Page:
This article is based on a suggestion from one of my loyal readers (I love my loyal readers!). The topic was about the emphasis teams are placing on being “the best of the best,” and whether or not cheer programs are too fixated on raising banners at any and all cost. Seemed like an interesting topic to me, so here we go.
First, I want to recognize the difference between all star programs and school programs. If you are a school program, your priorities should be to represent your school in a positive manner, to support the sports teams of the school at games, rallies, etc, and after those two (and maybe a bunch of others as well) comes competition. That’s not to say that competition isn’t important. People learn a lot of important lessons preparing for and going through competition. And I think the TRUE purpose of school cheerleading is to provide a positive growth experience for the student athletes who participate in it. But I have noticed that the school cheer teams that tend to do well at competitions are usually the better teams cheering on the sidelines too. In other words, they seem to have their priorities in order, and they seem to work hard across the board.
On the other hand, there are way too many school teams that fixate on putting a “National Champion” banner in their gym, and not on simply working hard to be a great cheerleading program. Here’s a bit of news for you, if your team is a great sideline/halftime cheer team, it will be a great competition team as well. On the other hand, if your team is going through the motions at game practice and at games, they are never going to give you their best at competition practices. They will learn that half an effort is acceptable and that’s all they will give you.
Here’s another news flash. National Champion banners are EASY to come by. I hate to say this, but it is true. Event companies are practically giving them away as soon as your registration check clears. If all you want is a banner, just shop around for a “National Championship” that only has 1 team in your division. Doing so is surprisingly easy. And if another team registers late in your division and you want some insurance, no problem! Just tell the event manager you want to switch to a different division. There are plenty of event providers out there that will negotiate your division like a used car dealer negotiates trade ins and cash back.
Speaking of “National Championship” events, has anyone else noticed how there are like 100 different ones every year? Some event companies even have multiple “National Championships.” How’s that work? If you crown one team the best in the nation, what does it say if you pack up your mats, drive 1,000 miles the next weekend and give some other team the national title? Doesn’t seem right to me.
Anyway, on to all star teams. It is hard to complain about all star programs fixating on competition seeing as how they do not cheer games or represent any school or organization (other than themselves). They exist to compete, so it is appropriate that competition is their priority. However, there is a right way and a wrong way to go about things. I disagree with practices that sacrifice the development of individual athletes and the overall program for the sake of a quick fix for the current competition season. Those are things like not being age appropriate (see earlier blog article for details), not perfecting basics to move on to advanced skills, “shopping” for a title (as described above in the school team section), etc.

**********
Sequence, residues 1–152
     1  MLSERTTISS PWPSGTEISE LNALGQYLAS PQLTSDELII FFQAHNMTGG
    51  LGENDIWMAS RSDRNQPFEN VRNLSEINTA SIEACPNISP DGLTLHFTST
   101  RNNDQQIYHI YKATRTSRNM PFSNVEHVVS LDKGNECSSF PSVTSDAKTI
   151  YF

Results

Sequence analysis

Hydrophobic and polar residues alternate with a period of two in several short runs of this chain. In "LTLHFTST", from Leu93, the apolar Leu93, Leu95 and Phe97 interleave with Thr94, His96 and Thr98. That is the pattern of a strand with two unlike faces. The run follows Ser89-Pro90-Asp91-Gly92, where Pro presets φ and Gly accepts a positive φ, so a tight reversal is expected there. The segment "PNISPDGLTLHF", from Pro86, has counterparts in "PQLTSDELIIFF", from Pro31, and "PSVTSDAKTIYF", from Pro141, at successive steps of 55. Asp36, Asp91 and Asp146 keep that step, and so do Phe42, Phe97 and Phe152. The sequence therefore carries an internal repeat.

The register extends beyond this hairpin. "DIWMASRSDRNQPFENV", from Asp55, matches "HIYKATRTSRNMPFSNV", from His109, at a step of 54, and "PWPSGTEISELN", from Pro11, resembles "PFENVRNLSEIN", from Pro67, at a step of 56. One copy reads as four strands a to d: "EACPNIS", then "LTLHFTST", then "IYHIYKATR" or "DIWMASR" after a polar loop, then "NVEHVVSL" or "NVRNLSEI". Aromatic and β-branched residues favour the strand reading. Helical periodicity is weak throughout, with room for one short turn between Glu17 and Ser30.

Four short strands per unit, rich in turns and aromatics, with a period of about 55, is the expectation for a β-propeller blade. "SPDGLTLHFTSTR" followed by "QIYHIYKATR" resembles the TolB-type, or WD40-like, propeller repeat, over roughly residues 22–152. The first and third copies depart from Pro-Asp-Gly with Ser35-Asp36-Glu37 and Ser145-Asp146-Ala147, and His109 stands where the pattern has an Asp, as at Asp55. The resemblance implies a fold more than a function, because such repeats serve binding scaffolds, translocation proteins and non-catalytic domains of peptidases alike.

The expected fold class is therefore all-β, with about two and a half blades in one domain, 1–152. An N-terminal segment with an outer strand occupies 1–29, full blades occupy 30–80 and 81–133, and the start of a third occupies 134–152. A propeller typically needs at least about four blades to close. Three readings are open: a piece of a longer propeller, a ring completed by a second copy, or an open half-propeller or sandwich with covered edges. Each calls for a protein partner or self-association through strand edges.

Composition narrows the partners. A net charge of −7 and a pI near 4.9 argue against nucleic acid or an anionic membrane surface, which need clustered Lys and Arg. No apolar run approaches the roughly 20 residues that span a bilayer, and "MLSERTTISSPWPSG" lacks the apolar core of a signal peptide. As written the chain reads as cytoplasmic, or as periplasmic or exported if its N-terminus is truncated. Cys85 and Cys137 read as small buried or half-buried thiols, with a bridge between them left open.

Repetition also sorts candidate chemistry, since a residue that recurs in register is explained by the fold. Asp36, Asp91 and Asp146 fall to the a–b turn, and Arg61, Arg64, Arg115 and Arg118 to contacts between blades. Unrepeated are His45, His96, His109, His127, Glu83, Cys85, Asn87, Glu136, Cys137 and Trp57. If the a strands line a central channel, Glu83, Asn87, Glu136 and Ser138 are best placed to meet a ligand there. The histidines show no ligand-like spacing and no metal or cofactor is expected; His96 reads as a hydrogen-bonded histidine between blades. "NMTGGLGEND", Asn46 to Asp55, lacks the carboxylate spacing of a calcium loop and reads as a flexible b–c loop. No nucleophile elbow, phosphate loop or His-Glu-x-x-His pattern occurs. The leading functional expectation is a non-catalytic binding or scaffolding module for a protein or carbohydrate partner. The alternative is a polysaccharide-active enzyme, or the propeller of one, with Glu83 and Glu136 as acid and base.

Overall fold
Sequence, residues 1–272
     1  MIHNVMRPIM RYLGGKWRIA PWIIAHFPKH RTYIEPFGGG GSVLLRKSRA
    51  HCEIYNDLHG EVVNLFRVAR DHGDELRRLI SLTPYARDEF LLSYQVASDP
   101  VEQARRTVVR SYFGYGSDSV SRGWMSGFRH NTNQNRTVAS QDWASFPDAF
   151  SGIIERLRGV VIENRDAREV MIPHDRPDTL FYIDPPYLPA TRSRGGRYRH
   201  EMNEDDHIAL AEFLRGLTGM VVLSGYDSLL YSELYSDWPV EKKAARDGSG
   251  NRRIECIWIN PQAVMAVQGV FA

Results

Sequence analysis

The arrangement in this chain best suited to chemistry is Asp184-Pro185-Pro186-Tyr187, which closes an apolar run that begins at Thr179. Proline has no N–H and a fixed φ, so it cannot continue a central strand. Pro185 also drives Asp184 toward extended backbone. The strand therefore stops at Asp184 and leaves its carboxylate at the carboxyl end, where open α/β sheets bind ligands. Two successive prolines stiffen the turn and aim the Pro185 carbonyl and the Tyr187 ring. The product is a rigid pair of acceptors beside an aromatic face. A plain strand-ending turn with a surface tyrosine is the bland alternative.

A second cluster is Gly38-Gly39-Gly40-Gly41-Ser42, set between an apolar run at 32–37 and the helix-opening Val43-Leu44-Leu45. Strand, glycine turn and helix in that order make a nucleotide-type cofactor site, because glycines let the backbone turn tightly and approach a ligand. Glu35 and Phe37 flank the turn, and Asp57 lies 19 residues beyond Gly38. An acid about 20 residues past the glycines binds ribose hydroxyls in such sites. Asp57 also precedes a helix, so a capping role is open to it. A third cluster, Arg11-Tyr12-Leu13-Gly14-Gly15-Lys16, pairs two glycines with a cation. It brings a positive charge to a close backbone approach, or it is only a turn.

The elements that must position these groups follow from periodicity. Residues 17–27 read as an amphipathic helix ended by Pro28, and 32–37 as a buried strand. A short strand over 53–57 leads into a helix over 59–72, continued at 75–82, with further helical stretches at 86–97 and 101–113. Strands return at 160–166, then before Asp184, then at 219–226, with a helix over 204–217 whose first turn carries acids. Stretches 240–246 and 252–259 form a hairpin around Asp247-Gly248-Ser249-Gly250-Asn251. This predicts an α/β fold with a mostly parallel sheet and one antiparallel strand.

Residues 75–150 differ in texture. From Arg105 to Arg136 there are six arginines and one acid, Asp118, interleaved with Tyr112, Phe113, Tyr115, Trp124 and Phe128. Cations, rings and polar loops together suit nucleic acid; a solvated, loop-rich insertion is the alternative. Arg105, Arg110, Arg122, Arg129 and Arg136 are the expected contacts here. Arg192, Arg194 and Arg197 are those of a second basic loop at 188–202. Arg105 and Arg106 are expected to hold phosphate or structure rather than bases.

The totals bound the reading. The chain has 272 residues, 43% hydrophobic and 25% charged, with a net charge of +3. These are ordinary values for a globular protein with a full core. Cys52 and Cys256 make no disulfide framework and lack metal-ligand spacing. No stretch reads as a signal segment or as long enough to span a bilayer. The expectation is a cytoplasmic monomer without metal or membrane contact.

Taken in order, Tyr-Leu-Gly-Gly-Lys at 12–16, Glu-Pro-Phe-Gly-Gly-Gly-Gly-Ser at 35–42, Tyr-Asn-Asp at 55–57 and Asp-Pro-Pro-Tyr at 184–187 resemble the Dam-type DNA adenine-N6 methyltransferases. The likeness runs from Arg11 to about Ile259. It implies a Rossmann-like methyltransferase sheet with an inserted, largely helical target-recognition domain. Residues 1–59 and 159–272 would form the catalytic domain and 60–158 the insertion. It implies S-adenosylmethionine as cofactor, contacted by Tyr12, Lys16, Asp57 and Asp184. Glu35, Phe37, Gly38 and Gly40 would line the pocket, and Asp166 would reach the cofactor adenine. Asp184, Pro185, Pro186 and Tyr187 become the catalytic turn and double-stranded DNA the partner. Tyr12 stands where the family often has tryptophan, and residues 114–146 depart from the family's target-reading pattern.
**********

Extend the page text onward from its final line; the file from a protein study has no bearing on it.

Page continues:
But again, I cut the all star gyms some slack. They are businesses and they want to make money. In fact, they NEED to make money. To do that, they need to have an impressive resume of titles they can advertise to lure families into their programs. When a cheer gym is fairly new, I can understand cutting corners to get that first title. I can understand looking for a “softer” division for one of your teams. I can understand putting your 6th grade superstar on the youth, junior, senior and senior coed teams. You need some success to promote your program, so for the first couple of years, have at it. But once you’ve been in business for 4 or 5 years, it is time to grow up and compete at the big boy events. After this much time your clients need to be satisfied with your coaching, and if they aren’t, another “Championship” hoodie from the Mega-Cheer Early-Season Leve1 4.2 Division III competition probably isn’t going to do you much good.
I’ve gone on and on and now I am going to (finally) get to the point. The true competition in cheerleading has nothing to do with what you put on the mat. It is not judged and scored by a panel in the back of the room. It has nothing to do with having higher baskets and more double fulls than your rival team. One of the truly special things about cheerleading is that the competition is internal, not external. The hardest part of cheering is getting yourself to the gym everyday for the longest season in high school athletics and consistently working hard, getting along with teammates, fundraising, keeping up with school, and also living your life. I promise you that if you do all of those things you will finish your season highly satisfied, no matter how big your trophy is. If you do all of that and some other team happens to be better, you are not going to be upset. Teams that work hard all year hold their heads up and smile at awards, even if they get second place. Teams that cut corners cry on the floor, and if they do win a title, they really didn’t earn it, and they will probably never feel the satisfaction that comes from doing things the right way. They will keep chasing titles that will be forgotten and trophies that will wind up in the dumpster in the back of the gym in a few years. If your program’s goals are to work as hard as you can and to have fun, the titles will take care of themselves, or better yet, the titles won’t really matter in the big picture.